The instance involving a genuine realization of the Good happens at the moment of “undeception” (to use C.S. Lewis’ apposite term, from his essay, “A Note on Jane Austen”) where Lady Lucy Manwaring discloses a startling revelation about Lady Susan to Reginald. A revelation of truth is indeed involved here, but because the issue is not settled (since Lady Susan tries to gaslight Reginald in a brilliant follow-up scene that is one of Kate Beckinsale’s finest moments in the film) the more important thing to notice is Reginald’s response to the accusation; namely, he reveals that he has a good will. He is a man of virtue, who is genuinely shocked, because he desires only to will the Good. This, I would suggest, is the quality that makes him genuinely attractive, in turn, to Frederica.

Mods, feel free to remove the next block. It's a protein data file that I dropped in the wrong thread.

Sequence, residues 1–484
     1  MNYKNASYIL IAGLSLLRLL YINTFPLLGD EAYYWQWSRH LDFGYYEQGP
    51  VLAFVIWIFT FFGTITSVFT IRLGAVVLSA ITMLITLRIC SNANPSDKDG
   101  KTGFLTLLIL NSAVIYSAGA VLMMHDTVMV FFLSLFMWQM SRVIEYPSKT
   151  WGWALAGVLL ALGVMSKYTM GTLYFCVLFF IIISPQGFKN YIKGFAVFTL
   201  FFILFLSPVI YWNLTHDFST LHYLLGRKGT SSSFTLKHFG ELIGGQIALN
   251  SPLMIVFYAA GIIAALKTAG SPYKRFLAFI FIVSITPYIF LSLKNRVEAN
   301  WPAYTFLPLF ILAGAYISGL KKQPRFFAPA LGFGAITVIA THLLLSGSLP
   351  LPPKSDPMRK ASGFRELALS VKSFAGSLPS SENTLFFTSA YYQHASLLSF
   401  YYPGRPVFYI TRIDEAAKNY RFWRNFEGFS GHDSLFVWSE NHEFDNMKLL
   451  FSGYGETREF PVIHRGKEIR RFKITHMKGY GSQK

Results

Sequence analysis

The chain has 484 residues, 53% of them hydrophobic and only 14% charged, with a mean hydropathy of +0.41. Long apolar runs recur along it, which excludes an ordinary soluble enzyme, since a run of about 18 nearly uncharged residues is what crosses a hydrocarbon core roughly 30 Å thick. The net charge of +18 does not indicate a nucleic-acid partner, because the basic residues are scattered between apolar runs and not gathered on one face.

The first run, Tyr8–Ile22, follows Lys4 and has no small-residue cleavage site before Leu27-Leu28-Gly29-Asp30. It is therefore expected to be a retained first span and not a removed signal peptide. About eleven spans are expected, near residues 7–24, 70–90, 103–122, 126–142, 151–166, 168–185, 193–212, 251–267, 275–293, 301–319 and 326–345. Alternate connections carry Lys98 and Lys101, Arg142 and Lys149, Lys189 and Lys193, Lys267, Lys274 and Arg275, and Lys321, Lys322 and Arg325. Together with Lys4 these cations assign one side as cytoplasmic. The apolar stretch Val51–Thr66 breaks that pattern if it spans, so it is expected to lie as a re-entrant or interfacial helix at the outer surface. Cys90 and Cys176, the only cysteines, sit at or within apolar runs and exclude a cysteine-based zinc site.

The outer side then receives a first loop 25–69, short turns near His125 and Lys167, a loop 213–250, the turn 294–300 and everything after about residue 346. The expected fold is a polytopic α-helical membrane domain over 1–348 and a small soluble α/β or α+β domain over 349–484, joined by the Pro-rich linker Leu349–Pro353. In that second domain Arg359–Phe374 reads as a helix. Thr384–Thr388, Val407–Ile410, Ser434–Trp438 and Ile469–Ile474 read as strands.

Finally, the instance involving a genuine realization of Beauty happens at the very end of the film, where Frederica sings the song “Love Will Find Out the Way,” and also when Reginald praises her with his poem. Frederica appears genuinely beautiful here. The apotheosis is well prepared for by many of the preceding scenes, which have foreshadowed how her singing ability is to be viewed. In short, with a tellingly loaded literary image, Frederica is described repeatedly as our beautiful “Kentish nightingale” (pp.127, 128, 135, 148); but Lady Susan herself is tone-deaf to such poetic beauty. Her hilariously prosaic comment suggests as much: “Is this really Kent?” (p.128)
Nonetheless, setting the seal on Mr. Stillman’s subtle treatment of Truth, Beauty, and Good, at the story’s aesthetically satisfying conclusion, our lovely songbird sings:
But if she, whom Love doth honour,
Be concealed from the day
Set a thousand guards upon her,
Love will find out the way (p.150).
Accordingly, I hope that I have helped you to find your way to a greater aesthetic appreciation of this fine book and its fine film.